As I've mentioned here in the past, I have given up on reading the Jesuit weekly America, even though I read it faithfully for many years, from my undergraduate days at a Jesuit university where I was taught by an esteemed Jesuit who played a key role in the magazine from its early days, until . . . well, until I gave up on America. Having comments I made on its discussion board, in which I considered myself to be defending gay folks against slander, and thought I was using rational and inoffensive statements to pursue that end, soured me on America. Having these comments deleted without any explanation offered to me soured me on America and its "open" discussions of Catholic issues.
The anti-gay comments were allowed to stand as examples of acceptable Catholic discourse. Mine were expunged. And then America brought on board Helen Alvaré, who has never been a friend of the gays, and announced it was doing so to keep its conversations open and balanced and inclusive.
(But the anti-gay comments were allowed to stand as examples of acceptable Catholic discourse, while those seeking to counter such comments with alternative Catholic discourse found their words expunged.)
So I struck America from my list of sites to read online daily some time ago. But yesterday, I was tempted by an email announcement America sent me about its latest issue to click and read.
I read an article by Dennis Holtschneider about eight ways the Catholic church in the U.S. might strengthen itself right now, and am astonished at the portion of that article addressing the issue of theological education. Father Holtschneider maintains that it's getting harder for Catholic institutions to find young theologians these days as well-trained as those of a generation ago, and he thinks this weakens the church and its ability to pursue its mission. He calls for the U.S. Catholic bishops to fund the theological education of lay theologians.
In my final years of Ph.D. studies, I myself wrote a letter to an official (a priest-theologian) of the Catholic Theological Society of America connected to USCCB, asking whether CTSA might propose to USCCB to offer funding for lay students seeking graduate degrees in the field of theology. I received a hot reply to my letter that amounted, in essence, to the statement, No way, José.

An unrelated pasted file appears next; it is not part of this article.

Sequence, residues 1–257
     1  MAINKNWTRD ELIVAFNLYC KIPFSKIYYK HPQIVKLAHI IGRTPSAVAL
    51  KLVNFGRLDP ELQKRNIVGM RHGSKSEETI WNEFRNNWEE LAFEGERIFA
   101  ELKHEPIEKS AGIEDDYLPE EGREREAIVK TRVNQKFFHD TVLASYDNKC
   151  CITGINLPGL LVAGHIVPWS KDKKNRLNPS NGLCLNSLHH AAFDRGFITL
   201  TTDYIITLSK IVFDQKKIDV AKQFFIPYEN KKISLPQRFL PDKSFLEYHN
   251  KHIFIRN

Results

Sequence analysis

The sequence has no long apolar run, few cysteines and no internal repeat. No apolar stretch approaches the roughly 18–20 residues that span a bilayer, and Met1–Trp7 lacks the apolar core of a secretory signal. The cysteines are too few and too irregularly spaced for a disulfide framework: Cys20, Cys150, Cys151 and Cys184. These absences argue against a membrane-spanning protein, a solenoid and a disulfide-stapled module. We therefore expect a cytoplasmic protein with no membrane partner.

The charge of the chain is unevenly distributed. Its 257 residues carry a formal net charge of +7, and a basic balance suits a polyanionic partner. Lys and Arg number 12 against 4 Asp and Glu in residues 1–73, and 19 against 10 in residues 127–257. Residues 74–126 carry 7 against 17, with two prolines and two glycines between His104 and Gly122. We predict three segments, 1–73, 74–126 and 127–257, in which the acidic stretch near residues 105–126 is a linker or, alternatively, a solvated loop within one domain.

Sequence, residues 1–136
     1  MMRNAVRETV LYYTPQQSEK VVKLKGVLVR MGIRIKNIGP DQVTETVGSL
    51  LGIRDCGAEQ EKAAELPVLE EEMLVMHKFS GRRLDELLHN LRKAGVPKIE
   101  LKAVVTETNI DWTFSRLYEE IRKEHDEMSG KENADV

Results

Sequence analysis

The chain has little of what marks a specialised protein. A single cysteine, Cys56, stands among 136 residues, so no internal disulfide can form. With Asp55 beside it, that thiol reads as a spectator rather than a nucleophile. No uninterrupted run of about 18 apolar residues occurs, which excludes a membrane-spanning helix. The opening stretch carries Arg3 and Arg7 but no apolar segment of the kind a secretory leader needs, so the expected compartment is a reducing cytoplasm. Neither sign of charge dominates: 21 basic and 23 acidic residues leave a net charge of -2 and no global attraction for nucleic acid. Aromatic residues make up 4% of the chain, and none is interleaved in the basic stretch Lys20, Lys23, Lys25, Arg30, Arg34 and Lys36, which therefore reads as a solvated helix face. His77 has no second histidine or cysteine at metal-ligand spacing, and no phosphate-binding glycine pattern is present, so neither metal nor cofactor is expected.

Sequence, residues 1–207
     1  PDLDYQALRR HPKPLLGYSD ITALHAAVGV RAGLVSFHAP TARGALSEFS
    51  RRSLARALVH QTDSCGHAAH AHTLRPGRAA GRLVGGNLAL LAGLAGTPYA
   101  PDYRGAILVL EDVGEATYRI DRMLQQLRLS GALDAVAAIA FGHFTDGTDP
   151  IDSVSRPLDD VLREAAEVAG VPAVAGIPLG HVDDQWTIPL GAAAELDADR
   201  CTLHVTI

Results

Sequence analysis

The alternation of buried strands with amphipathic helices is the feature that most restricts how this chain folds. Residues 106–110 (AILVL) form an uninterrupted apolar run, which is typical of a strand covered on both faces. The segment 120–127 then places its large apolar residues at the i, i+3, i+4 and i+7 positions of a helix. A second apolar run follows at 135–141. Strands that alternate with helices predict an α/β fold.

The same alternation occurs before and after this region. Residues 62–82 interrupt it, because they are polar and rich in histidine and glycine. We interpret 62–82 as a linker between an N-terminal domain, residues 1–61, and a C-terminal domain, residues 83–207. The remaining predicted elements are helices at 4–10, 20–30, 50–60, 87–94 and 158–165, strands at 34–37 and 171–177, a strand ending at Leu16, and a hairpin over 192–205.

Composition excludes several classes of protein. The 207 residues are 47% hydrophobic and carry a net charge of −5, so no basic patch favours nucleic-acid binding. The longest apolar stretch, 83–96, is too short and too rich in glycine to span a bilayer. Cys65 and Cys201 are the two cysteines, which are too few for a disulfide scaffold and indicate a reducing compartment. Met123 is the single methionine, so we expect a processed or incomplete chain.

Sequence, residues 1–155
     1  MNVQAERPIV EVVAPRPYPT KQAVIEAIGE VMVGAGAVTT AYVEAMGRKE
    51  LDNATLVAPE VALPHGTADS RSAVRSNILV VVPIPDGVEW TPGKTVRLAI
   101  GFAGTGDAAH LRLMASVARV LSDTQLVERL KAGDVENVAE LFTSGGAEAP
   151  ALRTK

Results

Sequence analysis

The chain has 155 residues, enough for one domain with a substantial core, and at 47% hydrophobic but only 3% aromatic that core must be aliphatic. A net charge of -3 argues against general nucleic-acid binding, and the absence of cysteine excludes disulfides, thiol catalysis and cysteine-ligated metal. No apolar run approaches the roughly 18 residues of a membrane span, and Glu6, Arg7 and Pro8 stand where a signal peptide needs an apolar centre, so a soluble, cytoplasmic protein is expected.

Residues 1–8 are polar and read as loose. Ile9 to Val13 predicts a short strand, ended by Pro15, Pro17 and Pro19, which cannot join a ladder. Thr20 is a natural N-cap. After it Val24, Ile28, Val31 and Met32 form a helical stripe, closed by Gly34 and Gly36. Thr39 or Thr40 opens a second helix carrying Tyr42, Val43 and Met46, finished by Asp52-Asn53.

So I'm not in the least opposed to this proposal. I myself thunk of it as I struggled along to pay for my own graduate education in theology. As does Father Holtschneider, I think it's important for the mission of the church that Catholic institutions have access to well-educated lay theologians — and if USCCB cares about the mission of the church, it ought to care about seeing that lay students who feel called to the vocation of theology receive good educations.
It's not Father Holtschneider's proposal itself that astonishes me. It's how he goes about building his argument for such USCCB support for funding for lay theology students that amazes me. He argues that theologians of the previous generation (my generation, I suppose) in the church were for the most part members of religious communities or priests belonging to dioceses, and as a result, they had access to funds that allowed them to study widely, at leisure — to obtain good theological educations.